79 toyota pickup engine problems

toyota
pickup
sparkplugs

#1

OK, well i have an old toyota pick up, One of the spark plugs ( the third cylinder) has some oily residue on it, indicating a problem with the piston. How bad could this be? Is it worth it to try and have fixed? I also am rebuilding my carb right now, so i am wondering if i is even worth continuing if the engine is messed up. any advice, experiences would be great.


#2

Test the compression on all cylinders. If none are under 110 psi and oil consumption is less than a quart/1000 miles I’d recommend repairing the carburetor and keeping the oil topped off. But keep in mind that I am one of those who tries to get every good mile out of vehicles that is possible.


#3

If the compression is low in that one cylinder it may be due to a bad head gasket or piston rings stuck due to carbon. Yamaha I think makes a cleaner. In my boat the repair guy did a head gasket replacement, due to low compression in one cylinder, the old head gaskets looked good, he then used some kind of cleaner that blasts out carbon and frees up the rings. It was a stab at the cat to avoid an expensive engine rebuild. It worked. Poor start when cold was my initial problem. It would take like 10 tries of start until it would stay running. It starts very well now and I think I may have picked up an extra 5 mph top end. If only the speedometer worked.


#4

I had a 79 with the 20R engine. RIP - frame broke in 2007.

I rebuilt a couple carbs for it. There is a solenoid on the back right side of the carb. It was not working (no click when 12 V were applied/released) and that caused major flooding, IIRC. Replaced that with one from a junkyard carb.

The AAP (auxilary accelerator pump) diaphragm is prone to leaking. It will cause flooding and oil dilution. I replaced two or more over the years. Eventually I disabled the AAP altogether by blocking off the vacuum line. Truck still started and ran fine.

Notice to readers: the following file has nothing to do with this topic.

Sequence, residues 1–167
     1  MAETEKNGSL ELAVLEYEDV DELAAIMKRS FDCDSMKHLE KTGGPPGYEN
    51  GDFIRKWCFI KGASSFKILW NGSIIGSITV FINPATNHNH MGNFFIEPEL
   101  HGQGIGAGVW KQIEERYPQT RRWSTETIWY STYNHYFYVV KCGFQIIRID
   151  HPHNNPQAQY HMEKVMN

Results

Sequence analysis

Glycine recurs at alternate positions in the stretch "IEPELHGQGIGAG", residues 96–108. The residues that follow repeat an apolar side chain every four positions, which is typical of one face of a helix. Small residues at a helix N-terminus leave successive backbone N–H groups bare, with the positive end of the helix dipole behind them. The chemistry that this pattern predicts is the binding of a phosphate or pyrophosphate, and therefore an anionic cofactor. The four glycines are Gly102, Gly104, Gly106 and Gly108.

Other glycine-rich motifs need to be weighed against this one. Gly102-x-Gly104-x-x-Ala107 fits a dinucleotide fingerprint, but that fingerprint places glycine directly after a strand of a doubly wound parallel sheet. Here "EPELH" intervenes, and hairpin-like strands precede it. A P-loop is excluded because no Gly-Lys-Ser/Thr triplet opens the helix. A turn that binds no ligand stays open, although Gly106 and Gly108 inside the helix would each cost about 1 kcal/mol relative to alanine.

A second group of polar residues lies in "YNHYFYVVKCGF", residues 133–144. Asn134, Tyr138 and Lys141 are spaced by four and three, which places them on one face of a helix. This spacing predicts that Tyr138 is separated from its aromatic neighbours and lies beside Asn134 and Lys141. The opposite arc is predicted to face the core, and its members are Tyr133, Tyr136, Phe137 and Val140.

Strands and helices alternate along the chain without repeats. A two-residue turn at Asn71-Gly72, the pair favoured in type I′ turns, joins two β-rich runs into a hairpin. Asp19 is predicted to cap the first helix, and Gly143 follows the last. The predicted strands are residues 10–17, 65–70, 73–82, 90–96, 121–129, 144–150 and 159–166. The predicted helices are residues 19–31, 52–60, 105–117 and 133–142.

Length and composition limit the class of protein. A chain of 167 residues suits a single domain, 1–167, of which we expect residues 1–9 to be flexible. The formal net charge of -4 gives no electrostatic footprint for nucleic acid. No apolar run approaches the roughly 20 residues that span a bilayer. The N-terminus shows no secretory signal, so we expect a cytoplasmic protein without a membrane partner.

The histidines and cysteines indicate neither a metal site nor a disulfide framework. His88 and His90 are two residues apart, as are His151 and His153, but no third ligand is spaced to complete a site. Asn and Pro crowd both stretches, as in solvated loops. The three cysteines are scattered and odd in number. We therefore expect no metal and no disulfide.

I agree with the earlier advice: do a compression test. Tell us your results.


#5

You can pour half a can of penetrating oil in the cylinder and let it soak overnight and it could free some gunk that is sticking the oil ring. Blow it out of the cylinder the next day. Then forget about it and keep driving. Don’t forget to change the oil and filter after idling the engine for 15 minutes.


#6

I also had a '79 Toyota pickup, and like shanonia my frame rotted in half…after 10-1/2 years. Before you continue doing your repair,s let me suggest that you examine the frame for rot. Typically these will rot out first at the points just aft of the front bed mounts. If the frame is rotted there, the vahicle is unsafe and beyond saving.

The oil problem is, as you suspect, likely due to tired old oil rings. In addition to wearing (along aith the cylinder walls), they eventually lose the spring tension that keeps them pushing with the proper force upon the cylinder walls. And they can also become gummed up over time.

By all means do a compression test. But understand that even if the compression rings test okay that does not mean that the oil rings below them are still good. The oil rings could be tired and leaving too much oil on the walls, allowing it to get drawn up into the cylinders during the high-vacuum intake stroke and burned. Compression rings are designed to press against the walls when top-loaded, as they are during a compression test, but during the intake stroke the pressure abive them is substatially lower than the pressure below them, and excess oil left by the oil rings on the cylinder walls can get drawn past them. The problem can actually be exascerbated by blowby pressurizing the crankcase.

In short, your oil rings are probably shot. But before you spend any more time or money, I’d suggest getting under the vahicle (safely, please) and chceking it carefully for rot and for related safety issues.

And honestly, unless this truck is in exceptional condition, I’d be inclined to just kepe it running and change the plug(s) more often than normal no matter what teh compression looks like. The value of the truck doesn’t justify spending a lot of money on it. It can keep running for years in the condition it’s in.


#7

thanks to all who replied. i did a compression test and the cylinders seem fine. I cant figure out what else could be wrong with it. The carb is not in the best shape, i did not yet rebuild it. It has sparks to all the plugs and gas in the engine but it will not start. a friend thinks i might have jumped a tooth on the timing chain. It is a double chain. HAs anybody ever had this happen. how do you tell. i could not find the bright link on the chain. it seems pretty unlikely that it would jump a tooth, since it is a double chain. I cant figure out what else it could be.